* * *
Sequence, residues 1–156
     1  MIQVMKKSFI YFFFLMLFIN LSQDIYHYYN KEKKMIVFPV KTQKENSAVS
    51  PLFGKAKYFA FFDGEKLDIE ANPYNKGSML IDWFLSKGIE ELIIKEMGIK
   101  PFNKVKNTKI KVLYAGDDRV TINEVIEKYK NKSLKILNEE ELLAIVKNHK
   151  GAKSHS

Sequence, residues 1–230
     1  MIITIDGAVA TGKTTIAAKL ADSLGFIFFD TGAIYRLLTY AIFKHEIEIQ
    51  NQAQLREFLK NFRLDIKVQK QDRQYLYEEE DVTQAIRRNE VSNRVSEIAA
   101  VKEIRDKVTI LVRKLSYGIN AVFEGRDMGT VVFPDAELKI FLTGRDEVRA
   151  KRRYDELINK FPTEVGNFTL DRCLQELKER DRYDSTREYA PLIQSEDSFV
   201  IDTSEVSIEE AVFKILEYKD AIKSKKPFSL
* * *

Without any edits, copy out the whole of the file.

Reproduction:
Sequence, residues 1–156
     1  MIQVMKKSFI YFFFLMLFIN LSQDIYHYYN KEKKMIVFPV KTQKENSAVS
    51  PLFGKAKYFA FFDGEKLDIE ANPYNKGSML IDWFLSKGIE ELIIKEMGIK
   101  PFNKVKNTKI KVLYAGDDRV TINEVIEKYK NKSLKILNEE ELLAIVKNHK
   151  GAKSHS

Sequence, residues 1–230
     1  MIITIDGAVA TGKTTIAAKL ADSLGFIFFD TGAIYRLLTY AIFKHEIEIQ
    51  NQAQLREFLK NFRLDIKVQK QDRQYLYEEE DVTQAIRRNE VSNRVSEIAA
   101  VKEIRDKVTI LVRKLSYGIN AVFEGRDMGT VVFPDAELKI FLTGRDEVRA
   151  KRRYDELINK FPTEVGNFTL DRCLQELKER DRYDSTREYA PLIQSEDSFV
   201  IDTSEVSIEE AVFKILEYKD AIKSKKPFSL